A 25-year-old man committed two armed robberies in Portlaoise within a week, so frightening a taxi driver with a knife that the injured party could not even bring himself to report it to the gardaí.
Patrick Dwane (25), of no fixed abode but previously residing in Portlaoise, faced two counts of robbery, and two counts of the production of an article, at the recent sitting of Portlaoise Circuit Court.
Detective Garda John Paul O’Brien gave evidence, with State prosecutor, Mr Will Fennelly, that at 2am on December 22 last year, a taxi driver working a shift parked in Portlaoise’s Top Square was approached by Dwane, who requested being taken to the filling station on the Mountmellick Road.
In the car, Dwane produced a knife and threatened to pierce the driver’s throat. The taxi driver handed over €20, which was all the cash he had.
The court heard that the taxi driver did not report the matter to the gardaí.
On December 27, 2015, three males entered the Carry Out Off Licence on the Mountmellick Road, two armed with knives.
They concealed their identities and shouted and demanded money from the two staff members working, with over €1,000 handed over as well as packets of cigarettes or tobacco to the value of €250, and a bottle of Captain Morgan’s rum.
The men fled in the direction of Lakeglen and the panic button in the store was activated.
After viewing CCTV footage, the accused was identified by Det O’Brien.
On January 4 of this year, Dwane contacted the gardaí himself to make a report. When Det O’Brien met him at Fairgreen, Dwane inquired after the taxi driver.
At this point, the gardaí knew nothing about this robbery, and Dwane was arrested.
In interview, he fully admitted his part in the robbery of the off-licence.
“He was the main culprit, he told them to empty the tills,” said Det O’Brien.
“It was his plan,” said the detective.
Dwane also gave details of the robbery of the taxi driver, and the gardaí subsequently located the injured party and took a statement from him.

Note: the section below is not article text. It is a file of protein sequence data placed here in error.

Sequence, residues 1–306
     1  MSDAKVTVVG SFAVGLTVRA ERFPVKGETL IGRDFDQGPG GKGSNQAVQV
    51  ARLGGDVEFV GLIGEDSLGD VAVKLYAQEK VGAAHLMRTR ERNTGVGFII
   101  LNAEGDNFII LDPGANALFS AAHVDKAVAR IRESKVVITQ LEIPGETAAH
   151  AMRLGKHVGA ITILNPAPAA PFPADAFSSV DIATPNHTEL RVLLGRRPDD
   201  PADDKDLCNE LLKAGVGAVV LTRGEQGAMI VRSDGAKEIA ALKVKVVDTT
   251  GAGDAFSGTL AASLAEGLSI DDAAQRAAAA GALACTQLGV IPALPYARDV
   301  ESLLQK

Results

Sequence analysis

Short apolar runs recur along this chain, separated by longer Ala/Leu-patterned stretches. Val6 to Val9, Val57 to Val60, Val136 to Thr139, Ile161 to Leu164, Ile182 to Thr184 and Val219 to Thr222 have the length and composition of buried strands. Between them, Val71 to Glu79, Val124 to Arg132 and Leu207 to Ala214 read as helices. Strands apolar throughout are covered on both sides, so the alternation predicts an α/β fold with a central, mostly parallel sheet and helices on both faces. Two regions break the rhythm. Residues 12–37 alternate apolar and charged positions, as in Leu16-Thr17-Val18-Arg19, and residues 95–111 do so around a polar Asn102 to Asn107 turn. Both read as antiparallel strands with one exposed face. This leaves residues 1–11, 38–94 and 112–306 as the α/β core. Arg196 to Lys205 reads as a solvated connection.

Det O’Brien said that the taxi driver had not reported the robbery due to fear.
The detective also said that Dwane was a heroin addict at the time, and had eight previous convictions, including robbery and burglary offences.
Victim impact statements were given to the State by the employees of the off-licence, one of whom was a man in his 30s and the other a man in his mid-20s.
One of the men said he was scarred for life from the incident, and he had opened the till as quickly as he could on the night.
“I’ve never been as frightened in my life,” he said, adding that he did not sleep the night it happened.
The other man told the gardaí that he was frightened on the night.
He said that the night after the robbery he had gone out to feed animals, but just froze in the yard.
He said: “I never felt fear like it and I never want to feel it again…. Fear and the will to life were all mixed into one.”
The taxi driver who was robbed also made a statement, saying he was frightened on the night and for a long time after.
He said he had lost trust in people and now finds it difficult taking young male passengers.
He was also at a loss of earnings of €100, having finished work early that night.
Defence for the accused said that Dwane had cooperated fully with the gardaí.
Defence said that the accused had a long-standing drug addiction, and had been taking heroin and tablets at the time.
Det O’Brien confirmed that the accused had a strong addiction to drugs.
The accused was homeless, said defence, and had been in Cloverhill prison since January.
Defence said that Dwane had been assessed for residential treatment at Coolmine and found suitable.
He asked the court to structure sentencing so as to leave the accused some light at the end of the tunnel.
Judge Keenan Johnson remarked that: “Clearly the robbery was such a frightening experience the taxi driver couldn’t even bring himself to report it.”
Judge Johnson adjourned the matter to March 7 next year, saying he wanted a report confirming Coolmine would accept the accused.
Dwane was remanded in custody to that date.